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Back When … The Downtown Conroe Fire of 1911


Buildings still standing after the 1911 fire include the Courthouse, the old bank building and where Carter Drug is now located. A historical marker in front of the Montgomery County Courthouse commemorates the fire.

Buildings still standing after the 1911 fire include the Courthouse, the old bank building and where Carter Drug is now located. A historical marker in front of the Montgomery County Courthouse commemorates the fire.

Many of the buildings in downtown Conroe are just over 100 years old due to a devastating fire on Feb. 21, 1911 that destroyed most of the buildings downtown. They were comprised of wood, a readily available commodity, but unfortunately a fire hazard. The city’s leaders were determined to quickly began rebuilding structures out of brick that still stand today.

Previously, a fire in 1901 destroyed numerous wooden structures in the original town of Conroe, which had begun in the northeast quadrant where two railroad tracks intersected. The downtown area relocated after the 1901 fire to the northwest quadrant. Montgomery County built its courthouse and jail out of brick there. The Conroe Hotel Avenue Z (today Pacific Street) and the Banks Griffith & Son bank building were also constructed of brick.

Businesses were constructed out of wood, including The Corner Drug Store, Capitol Drug Store, the Post Office, Madeley Meat Market, Exchange Saloon, various attorney offices and residences above the businesses. These wood structures crowded against each other along Chambers (today North Main) and Simonton streets.

Aware that the buildings were too crowded, the City Council began discussions on establishing “Fire Limits” in December 1910.   Concern became a reality around 1:30 a.m, Feb. 21, 1911, when a fire began in the Capitol Drug Store, a wooden structure located on Chambers Street across the street from the brick Courthouse.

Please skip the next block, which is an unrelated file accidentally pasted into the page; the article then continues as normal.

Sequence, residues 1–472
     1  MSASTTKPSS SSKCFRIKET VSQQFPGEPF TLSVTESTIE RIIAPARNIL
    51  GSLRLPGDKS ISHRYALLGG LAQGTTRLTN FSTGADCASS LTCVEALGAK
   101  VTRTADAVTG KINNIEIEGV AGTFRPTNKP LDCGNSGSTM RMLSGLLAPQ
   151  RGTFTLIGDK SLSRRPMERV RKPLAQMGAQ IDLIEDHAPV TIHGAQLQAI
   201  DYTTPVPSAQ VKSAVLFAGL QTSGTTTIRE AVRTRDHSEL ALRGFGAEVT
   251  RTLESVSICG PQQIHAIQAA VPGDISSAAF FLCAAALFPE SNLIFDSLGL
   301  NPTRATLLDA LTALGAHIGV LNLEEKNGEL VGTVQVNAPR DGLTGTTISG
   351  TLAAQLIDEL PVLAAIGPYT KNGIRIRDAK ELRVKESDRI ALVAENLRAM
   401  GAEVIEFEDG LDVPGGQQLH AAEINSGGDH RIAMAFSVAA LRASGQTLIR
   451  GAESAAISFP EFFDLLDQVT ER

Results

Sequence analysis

When the fire was discovered, an immediate alarm — the boiler-fueled whistle at the Santa Fe roundhouse — went out to citizens and the volunteer fire department, which had a two-wheeled hose cart that was pulled by hand. The fire hose was immediately set up, but a lack of water pressure caused the firefight to be abandoned.

A sense of panic spread through the town as desperate business owners worked to empty their wooden buildings. Northerly winds swept the majority of the fire southward along Chambers Street to Simonton Street where the fire migrated eastward toward the I&GN railroad tracks. Fire embers blown across Simonton Street spread the fire southward to the Santa Fe Railroad tracks, sparing most of the Conroe Hotel constructed of brick with a flat wood roof. Men were on top of the roof of the hotel putting out the fire with
wet blankets.

The fire did not impact the nearby Conroe Depot, which ironically burned in 1981. Businesses to the north of the Capitol Drug Store building also caught fire, basically causing the demise of that entire block of wood structures. Estimated total loss from the fire in 1911 costs was $150,000. Losses included 65 buildings, mercantile inventories and personal belongings. Much of the loss was covered by insurance except for five buildings owned by G. F. Crooke.

The “Fire Limits” ordinance was adopted on February 23, 1911. It required wood buildings to have fire-proof materials cladding within one year. The ordinance was amended in March 1912 for buildings to be constructed of brick or stone.

The day after the fire, salvaged inventories were for sale on the County Courthouse square and along the railroad tracks. Nick and Kate Carnochan lost their restaurant and home, but were back in business within a few days using tents erected on wood floors. Their restaurant was aptly called “The Phoenix;” it was the first business to rise from the ashes.

By February 1912, 20 businesses had reopened in brick buildings. More businesses were to come. The little town of Conroe was beginning to flourish with new brick business buildings and industry.

The 1911 fire in downtown Conroe and the prompt response to its destruction by Conroe residents shows the resilience of Texans as they settled, struggled and prospered in southeast Texas. Despite the tragedy, the resurrection of stately brick business buildings provides current visitors with a picture of a bygone era. These buildings have been preserved to reflect a period in the 1910s of Texas architecture in a concentrated four-block area of downtown Conroe.

 

The Montgomery County Historical Commission provides the content for this page.
For information on the commission and its efforts, visit montgomerycountyhistoricalcommission.com.

 

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